A wall flow diesel particulate filter (DPF) having a novel wall pore structure design for reducing backpressure, increasing robustness, and increasing filtration efficiency is presented. The filter offers a linear relationship between soot loading and backpressure, offering greater accuracy in estimating the amount of soot loading from backpressure. Basic experiments were performed on small plate test pieces having various pore structure designs. Soot generated by a Cast-2F propane burner having a controlled size distribution was used. Cold flow test equipment that was carefully designed for flow distribution and soot/air mixing was used for precise measurement of backpressure during soot loading. The upstream and downstream PM numbers were counted by Scanning Mobility Particle Sizer (SMPS) to determine soot concentration in the gas flow and filtration efficiency of the test pieces. Microscope observations of the soot trapped in the wall were also carried out.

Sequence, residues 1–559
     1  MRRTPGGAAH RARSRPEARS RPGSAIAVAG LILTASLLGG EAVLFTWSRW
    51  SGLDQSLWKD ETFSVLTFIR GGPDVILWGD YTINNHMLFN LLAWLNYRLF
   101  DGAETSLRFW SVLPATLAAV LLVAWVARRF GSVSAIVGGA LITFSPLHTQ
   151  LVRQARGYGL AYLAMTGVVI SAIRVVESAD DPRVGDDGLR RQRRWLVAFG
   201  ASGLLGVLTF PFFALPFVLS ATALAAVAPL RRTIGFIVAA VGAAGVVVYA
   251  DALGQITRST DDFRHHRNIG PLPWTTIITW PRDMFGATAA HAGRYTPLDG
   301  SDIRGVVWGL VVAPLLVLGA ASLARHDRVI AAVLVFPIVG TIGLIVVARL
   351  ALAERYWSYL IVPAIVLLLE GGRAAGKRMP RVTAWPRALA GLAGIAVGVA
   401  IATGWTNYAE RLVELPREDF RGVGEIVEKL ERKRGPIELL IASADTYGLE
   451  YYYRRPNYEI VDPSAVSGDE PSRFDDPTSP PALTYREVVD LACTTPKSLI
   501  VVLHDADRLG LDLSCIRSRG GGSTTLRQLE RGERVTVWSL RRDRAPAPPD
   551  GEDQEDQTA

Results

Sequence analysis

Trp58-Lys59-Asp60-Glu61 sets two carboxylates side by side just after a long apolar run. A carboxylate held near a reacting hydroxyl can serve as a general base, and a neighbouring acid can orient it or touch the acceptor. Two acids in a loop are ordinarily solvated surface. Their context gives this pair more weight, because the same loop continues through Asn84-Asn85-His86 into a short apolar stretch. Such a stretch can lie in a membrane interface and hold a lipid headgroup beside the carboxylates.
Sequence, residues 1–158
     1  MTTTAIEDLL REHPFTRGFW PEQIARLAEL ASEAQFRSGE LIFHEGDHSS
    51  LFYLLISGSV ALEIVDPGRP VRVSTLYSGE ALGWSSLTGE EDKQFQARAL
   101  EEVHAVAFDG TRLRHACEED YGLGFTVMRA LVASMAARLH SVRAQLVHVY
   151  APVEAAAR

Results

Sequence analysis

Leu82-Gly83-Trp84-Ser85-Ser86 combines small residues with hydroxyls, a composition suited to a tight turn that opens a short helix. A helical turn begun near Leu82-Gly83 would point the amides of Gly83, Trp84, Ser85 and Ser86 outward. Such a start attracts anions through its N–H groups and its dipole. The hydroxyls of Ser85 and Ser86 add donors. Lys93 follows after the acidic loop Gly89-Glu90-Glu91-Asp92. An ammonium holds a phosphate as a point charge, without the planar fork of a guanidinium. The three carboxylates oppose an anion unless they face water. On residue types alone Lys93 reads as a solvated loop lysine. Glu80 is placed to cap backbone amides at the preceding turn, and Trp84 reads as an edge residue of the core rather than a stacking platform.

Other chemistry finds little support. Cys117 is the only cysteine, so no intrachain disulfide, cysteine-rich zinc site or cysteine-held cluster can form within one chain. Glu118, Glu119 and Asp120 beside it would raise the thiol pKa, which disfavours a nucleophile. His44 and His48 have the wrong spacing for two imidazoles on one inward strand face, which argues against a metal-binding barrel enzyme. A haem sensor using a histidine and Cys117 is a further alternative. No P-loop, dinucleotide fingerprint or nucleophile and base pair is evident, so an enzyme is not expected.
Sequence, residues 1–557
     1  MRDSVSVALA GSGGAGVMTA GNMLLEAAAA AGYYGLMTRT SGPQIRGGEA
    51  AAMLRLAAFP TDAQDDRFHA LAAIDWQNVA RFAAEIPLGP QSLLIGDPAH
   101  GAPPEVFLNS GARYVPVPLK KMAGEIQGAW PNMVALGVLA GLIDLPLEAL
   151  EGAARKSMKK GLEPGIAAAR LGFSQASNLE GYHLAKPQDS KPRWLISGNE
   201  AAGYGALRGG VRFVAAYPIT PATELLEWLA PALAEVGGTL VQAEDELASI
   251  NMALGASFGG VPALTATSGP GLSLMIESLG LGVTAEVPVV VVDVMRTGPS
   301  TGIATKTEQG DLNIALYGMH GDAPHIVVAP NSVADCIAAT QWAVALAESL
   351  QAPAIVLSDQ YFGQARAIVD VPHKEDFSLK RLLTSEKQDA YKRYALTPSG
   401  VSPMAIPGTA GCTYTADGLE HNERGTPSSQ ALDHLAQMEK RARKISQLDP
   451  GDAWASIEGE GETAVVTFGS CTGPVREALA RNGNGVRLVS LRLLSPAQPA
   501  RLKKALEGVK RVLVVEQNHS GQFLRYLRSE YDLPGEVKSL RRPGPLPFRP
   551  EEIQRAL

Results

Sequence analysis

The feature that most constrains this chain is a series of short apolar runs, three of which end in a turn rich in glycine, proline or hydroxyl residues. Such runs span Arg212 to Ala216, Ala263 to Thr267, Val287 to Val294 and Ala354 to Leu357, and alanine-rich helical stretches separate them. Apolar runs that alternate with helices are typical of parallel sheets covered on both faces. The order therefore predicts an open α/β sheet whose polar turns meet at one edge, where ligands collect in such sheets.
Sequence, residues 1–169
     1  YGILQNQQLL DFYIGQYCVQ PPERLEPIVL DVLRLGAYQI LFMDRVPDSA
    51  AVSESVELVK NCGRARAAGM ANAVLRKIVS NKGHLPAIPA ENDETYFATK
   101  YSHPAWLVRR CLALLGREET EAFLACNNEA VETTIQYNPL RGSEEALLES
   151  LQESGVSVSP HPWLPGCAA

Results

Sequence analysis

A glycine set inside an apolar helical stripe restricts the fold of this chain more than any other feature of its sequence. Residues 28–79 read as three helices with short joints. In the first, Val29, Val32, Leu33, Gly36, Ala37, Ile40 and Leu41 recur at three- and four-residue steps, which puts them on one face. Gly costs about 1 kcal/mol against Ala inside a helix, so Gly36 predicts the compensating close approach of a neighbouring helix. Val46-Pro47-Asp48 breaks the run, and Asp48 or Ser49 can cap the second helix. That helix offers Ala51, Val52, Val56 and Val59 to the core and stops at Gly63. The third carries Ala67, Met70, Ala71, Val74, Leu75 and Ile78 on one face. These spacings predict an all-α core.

Technical Paper

Study on Next Generation Diesel Particulate Filter

Although diesel engines are superior to gasoline engines in terms of the demand to reduce CO2 emissions, diesel engines suffer from the problem of emitting Particulate Matter (PM). Therefore, a Diesel Particulate Filter (DPF) has to be fitted in the engine exhaust aftertreatment system. From the viewpoint of reducing CO2 emissions, there is a strong demand to reduce the exhaust system pressure drop and for DPF designs that are able to help reduce the pressure drop. A wall flow DPF having a novel wall pore structure design for reducing pressure drop, increasing robustness and increasing filtration efficiency is presented. The filter offers a linear relationship between PM loading and pressure drop, offering lower pressure drop and greater accuracy in estimating the accumulated PM amount from pressure drop. First, basic experiments were performed on small plate test samples having various pore structure designs.